Meditation and breathing exercises
I do about 20 minutes/day of guided meditation. I am not always consistent, but I did have a monthly streak by the end of the semester. It helped me calm down both physically and mentally. The thoughts I had racing through my head became quieter and quieter.
I recently started doing the 1-minute breathing exercises on my Apple Watch. I’ve always ignored this feature, but I’m finding out how helpful it is now. It’s like a concentrated dose of a meditation session.
OK, here’s my take on antidepressants: most of us don’t live in our grandparents’ world, never leaving our home village or having any existential thoughts. Our generation is bombarded by messages of constantly achieving more, especially if you’re a perfectionist. I go to an Ivy League school, and I experience first-hand what cut-throat competition means. There is no break for you if you have to maintain a 4.0 GPA while showing off your abs on Instagram and expanding your social circle. I have internalized many social standards, and not always meeting them triggers my anxiety, especially when I can easily find people who do have everything I aspire to have. Regardless of where you are in life, if you live in a culture obsessed with achievement and perfection, you will feel pressure, even if it’s subconscious. Social media further exacerbates feelings of inadequacy and anxiety.
Unless you isolate yourself from the rest of the world, you should figure out a practical way to deal with all of this. Modern problems require modern solutions, and maybe medication is the right way to go about this.
A bit of honesty here: I am currently on Lexapro (escitalopram). I am feeling better than I did before. My mind is much clearer. So do talk to a psychiatrist if you feel like medication could help you.
To deal with anxiety caused by our modern lifestyle, I have a few more tips I’ll share in a later post.
Journaling is good for mental health in general. But specifically for anxiety, it would be a good idea to keep track of two things: your achievements and when you feel shame. An achievement journal will help you with feelings of low self-esteem and inadequacy. It will help create a different set of beliefs than the destructive ones you currently might have. A shame journal, on the other hand, will help you identify what triggers you the most and help break the automatic reaction your nervous system activates.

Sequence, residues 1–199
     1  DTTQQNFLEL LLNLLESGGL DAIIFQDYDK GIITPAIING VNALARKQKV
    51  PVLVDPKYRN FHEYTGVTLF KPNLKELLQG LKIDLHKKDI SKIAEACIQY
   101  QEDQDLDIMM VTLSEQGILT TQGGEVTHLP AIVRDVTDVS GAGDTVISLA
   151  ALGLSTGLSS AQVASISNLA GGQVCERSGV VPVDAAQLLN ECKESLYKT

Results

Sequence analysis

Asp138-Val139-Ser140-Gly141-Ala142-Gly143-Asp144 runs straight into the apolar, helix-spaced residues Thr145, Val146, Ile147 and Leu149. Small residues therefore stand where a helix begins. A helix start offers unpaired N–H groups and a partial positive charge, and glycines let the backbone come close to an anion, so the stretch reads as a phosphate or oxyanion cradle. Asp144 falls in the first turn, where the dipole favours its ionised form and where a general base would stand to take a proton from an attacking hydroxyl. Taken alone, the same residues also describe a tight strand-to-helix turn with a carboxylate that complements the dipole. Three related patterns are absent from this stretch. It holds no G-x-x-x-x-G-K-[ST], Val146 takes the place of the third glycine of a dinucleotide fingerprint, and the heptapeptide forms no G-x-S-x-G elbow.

Fundamentally, it’s about reinforcing the control of your prefrontal cortex (your conscious decision-making self) over the reactions your emotions (such as fear) might trigger. If you cultivate a mindful approach, you will also be more in control of your fight-flight-freeze response.
Supplements and diet
I had no idea I was deficient in vitamin D and B12 until I got a physical. I also simply started eating more, which gave me more energy. As you know, anxiety can have debilitating effects on your ability to carry out simple tasks. Adequate nutrition is extremely important to fight drowsiness.
If you suffer from anxiety, I hope this post has provided you with awareness and helpful suggestions on how to tackle it. Just remember, it’s not something you should just brush off. Anxiety disorders have a considerable detrimental impact on your quality of life: your physical and mental health, your relationships, your professional success, and other areas of life. It’s also not just in your head. Greater awareness of your triggers and environment can help you decide how to orient your life in a way that will minimize your anxiety. Therapy, meditation, and medication are some of the most effective ways to tackle both the psychological and the somatic aspects of your disorder. And finally, don’t forget to stretch and breathe.